A quick recap. Sergei Skripal was a Russian agent and then a double agent working for the British in the 1990s. Then On 4 March 2018, he and his daughter Yulia, a Russian citizen who was visiting him from Moscow, were poisoned at their home in Salisbury. As it transpired, the poison was spread on the handle of their front door. The allegation is that the poison was developed by the Russians and that the assassination attempt was ordered by President Putin.
Various scenarios were imagined at the time, and I had this idea that Mr Skripal wasn’t a retired spy at all, but an active agent. It came to me as a possibility in trying to make sense of what had happened in Salisbury.
I thought maybe his handlers had decided to end the relationship by killing him, perhaps by leaving a message for him and lacing it with poison. The reason I thought this was a credible scenario was that whatever the container that the poison was stored in, it had not been found. My line of reasoning was that Mr Skripal purposely hid the container after he looked at the message addressed to him.
Then Charlie Rowley, a local, resident, found the container and thinking it was perfume gave it to his partner Dawn Sturgess, and the two of them were poisoned.
Could it really be that the police would be unable to find the container? After all, Mr. Rowley found it. The police would surely have found it, wouldn’t they? They had dozens, perhaps hundreds, of officers out searching. Perhaps they didn’t find it because it was really well hidden? Except now Charlie Rowley says that what he and his girlfriend were exposed to was in a glass bottle with a plastic dispenser in a cardboard box with a plastic moulding.
And the police couldn’t find it?
Be that as it may, that container doesn’t seem like the perfect object within which to place a message. But then, maybe it is exactly the right kind of container.
I don’t think this detail is an invention put out by Mr. Rowley at the coaching of the Security Services. If that were the case, how could they control what he might say in the future?
But if it is true that the poison was in a bottle of what seemed like it was perfume, then are we to believe that the poisoners just dumped the bottle somewhere it could be found? Or hid it well enough that a search party of policemen couldn’t find it but Mr Rowley did? Are we to believe they dumped it under a bush, or somewhere that only an ex junkie would go looking? If he found it, then anyone could have. The police could have – they devoted enough time to looking for it. How inept would the poisoner with this sophisticated poison have to be to leave it were it could be found?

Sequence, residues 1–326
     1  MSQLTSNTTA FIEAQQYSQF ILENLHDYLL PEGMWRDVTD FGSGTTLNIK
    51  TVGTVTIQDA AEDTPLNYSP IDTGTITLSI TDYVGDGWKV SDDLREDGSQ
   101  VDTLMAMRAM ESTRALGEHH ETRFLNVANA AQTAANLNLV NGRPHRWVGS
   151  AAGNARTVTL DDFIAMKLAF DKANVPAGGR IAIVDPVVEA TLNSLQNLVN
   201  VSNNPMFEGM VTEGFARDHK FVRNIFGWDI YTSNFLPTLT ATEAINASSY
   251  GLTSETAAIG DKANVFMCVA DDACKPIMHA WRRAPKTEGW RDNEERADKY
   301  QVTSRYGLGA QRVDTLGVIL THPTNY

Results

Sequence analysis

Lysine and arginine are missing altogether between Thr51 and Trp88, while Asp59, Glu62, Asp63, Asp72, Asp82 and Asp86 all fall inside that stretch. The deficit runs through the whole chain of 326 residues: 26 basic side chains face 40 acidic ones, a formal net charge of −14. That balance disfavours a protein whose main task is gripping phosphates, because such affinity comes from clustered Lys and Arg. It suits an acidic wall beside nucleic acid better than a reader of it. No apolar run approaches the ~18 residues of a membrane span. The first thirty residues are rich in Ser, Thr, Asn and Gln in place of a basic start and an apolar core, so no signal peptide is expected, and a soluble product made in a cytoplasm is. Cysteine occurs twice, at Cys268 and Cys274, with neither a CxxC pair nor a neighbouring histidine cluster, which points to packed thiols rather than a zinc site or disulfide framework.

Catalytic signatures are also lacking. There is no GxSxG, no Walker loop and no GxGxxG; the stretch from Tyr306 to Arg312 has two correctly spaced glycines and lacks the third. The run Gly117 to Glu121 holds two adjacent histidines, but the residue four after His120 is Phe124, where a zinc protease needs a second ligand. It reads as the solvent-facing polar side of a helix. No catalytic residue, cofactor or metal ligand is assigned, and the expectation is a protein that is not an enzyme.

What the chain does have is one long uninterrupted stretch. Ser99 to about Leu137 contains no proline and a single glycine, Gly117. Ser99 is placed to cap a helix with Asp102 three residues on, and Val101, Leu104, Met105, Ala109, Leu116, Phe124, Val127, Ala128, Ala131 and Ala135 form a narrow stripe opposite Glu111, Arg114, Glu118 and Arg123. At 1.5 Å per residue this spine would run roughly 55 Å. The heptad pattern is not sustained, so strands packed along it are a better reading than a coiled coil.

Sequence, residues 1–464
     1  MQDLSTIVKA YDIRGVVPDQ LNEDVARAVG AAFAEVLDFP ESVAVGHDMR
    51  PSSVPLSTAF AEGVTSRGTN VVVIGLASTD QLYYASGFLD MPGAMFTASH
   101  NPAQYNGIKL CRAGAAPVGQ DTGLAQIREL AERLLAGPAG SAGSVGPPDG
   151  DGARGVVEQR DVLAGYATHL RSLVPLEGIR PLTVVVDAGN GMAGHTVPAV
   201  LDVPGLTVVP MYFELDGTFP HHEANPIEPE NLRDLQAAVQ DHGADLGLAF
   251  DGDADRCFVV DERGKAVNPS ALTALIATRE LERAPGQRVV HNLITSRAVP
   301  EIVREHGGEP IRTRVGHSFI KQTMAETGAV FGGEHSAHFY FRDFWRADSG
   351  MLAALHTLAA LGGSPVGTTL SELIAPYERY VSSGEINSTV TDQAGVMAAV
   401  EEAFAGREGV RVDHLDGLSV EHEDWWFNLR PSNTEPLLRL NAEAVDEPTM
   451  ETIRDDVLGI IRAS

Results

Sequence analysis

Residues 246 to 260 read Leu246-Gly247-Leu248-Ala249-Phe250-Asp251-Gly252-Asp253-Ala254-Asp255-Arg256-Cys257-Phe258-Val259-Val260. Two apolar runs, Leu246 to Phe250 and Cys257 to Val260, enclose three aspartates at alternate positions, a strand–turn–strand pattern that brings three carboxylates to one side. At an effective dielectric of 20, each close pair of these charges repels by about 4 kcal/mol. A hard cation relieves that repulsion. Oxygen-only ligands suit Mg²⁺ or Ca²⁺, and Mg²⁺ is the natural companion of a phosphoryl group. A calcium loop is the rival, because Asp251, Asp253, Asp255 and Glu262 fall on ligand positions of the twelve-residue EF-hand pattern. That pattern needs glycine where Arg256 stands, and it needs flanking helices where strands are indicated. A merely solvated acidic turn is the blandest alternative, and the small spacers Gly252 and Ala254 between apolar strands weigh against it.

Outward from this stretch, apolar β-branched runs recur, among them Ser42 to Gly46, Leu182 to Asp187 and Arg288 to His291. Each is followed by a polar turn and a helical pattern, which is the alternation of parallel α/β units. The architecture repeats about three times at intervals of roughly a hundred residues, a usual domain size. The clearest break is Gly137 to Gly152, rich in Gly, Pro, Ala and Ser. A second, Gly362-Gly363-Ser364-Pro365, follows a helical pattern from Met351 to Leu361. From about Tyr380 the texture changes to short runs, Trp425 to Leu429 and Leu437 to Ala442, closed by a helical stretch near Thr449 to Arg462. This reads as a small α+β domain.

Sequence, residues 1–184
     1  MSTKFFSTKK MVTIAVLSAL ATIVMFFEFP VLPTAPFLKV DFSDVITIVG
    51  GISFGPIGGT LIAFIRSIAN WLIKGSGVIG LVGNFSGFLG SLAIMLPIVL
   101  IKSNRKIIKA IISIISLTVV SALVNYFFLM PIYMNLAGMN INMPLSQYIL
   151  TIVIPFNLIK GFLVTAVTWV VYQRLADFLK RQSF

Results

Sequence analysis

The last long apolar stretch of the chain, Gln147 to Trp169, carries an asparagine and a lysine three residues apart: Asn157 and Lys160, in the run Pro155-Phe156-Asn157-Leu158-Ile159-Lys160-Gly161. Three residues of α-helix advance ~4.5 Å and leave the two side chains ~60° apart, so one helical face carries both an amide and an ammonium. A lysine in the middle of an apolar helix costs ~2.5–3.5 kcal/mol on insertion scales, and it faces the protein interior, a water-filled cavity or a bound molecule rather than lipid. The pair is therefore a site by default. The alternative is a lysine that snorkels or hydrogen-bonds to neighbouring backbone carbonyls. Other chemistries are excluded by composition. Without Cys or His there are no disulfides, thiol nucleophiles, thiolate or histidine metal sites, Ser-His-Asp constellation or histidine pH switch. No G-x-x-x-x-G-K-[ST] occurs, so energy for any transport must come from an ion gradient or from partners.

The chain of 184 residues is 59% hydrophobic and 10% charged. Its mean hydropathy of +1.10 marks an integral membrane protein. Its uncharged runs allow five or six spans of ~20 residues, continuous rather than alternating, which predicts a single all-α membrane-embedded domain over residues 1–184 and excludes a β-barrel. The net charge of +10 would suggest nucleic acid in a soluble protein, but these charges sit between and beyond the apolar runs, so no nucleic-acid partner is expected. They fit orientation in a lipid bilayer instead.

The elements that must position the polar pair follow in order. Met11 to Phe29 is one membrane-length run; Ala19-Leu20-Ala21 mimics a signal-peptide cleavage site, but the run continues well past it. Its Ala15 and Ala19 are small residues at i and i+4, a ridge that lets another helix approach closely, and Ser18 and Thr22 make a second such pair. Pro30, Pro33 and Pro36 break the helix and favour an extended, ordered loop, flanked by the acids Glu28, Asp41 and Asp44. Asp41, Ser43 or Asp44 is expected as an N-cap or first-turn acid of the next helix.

Still, the question remains as to who wanted to kill Mr. Skripal and for what reason.
The possibilities I dreamed up about Mr. Skripal are a product of my imagination. They live in – a what if universe.
They are not intended to cast any aspersions on, raise doubts or questions about, or be in any way related to the real facts about any person living or dead. The people I am talking about are just corralled in my thoughts.
If I write any more of these imaginings, the same will apply. I might, for example, imagine that Michael Gove is working for the Russians and that Boris Johnson is an agent of the Turkish Government working for the eventual restoration of the Ottoman Empire.
Update 12 July 2020
Apparently the perfume bottle was thrown into a skip and that’s where Mr Rowley found it. He was a recovering addict and poor enough that he had to look in skips for cast off things that he might use. That still doesn’t establish who threw the bottle into the skip.
In the TV dramatisation of the Salisbury poisoning, there is a scene that follows after the scientists aiding the police and public health authorities have examined the perfume bottle. A scientist (I think it was Professor Tim Atkins) says to the main character, Wiltshire’s Director of Public Health, that the bottle contained enough poison to kill thousands.
That amount of poison would have made Salisbury and beyond uninhabitable for 50 years.
Let’s suppose for a moment that the assassins had broken the bottle accidentally and the poison was released. Or let’s imagine the very real probability that the bottle would have been broken at or en route to a landfill. The result would have been a catastrophe of such size that it could have started a Cold War with every Western country against Russia. Would the Russian Government have sent assassins with an amount of poison that risked such an outcome? It seems barely credible.
The other possibility, of course, is that the TV dramatisation was inaccurate as to the amount of poison in the bottle.